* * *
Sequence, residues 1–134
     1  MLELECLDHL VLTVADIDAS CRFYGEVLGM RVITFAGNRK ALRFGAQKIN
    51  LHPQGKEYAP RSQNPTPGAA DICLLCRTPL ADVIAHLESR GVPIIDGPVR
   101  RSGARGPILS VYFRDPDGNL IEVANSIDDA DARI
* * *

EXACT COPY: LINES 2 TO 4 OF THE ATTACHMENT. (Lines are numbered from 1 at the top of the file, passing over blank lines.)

     1  MLELECLDHL VLTVADIDAS CRFYGEVLGM RVITFAGNRK ALRFGAQKIN
    51  LHPQGKEYAP RSQNPTPGAA DICLLCRTPL ADVIAHLESR GVPIIDGPVR
   101  RSGARGPILS VYFRDPDGNL IEVANSIDDA DARI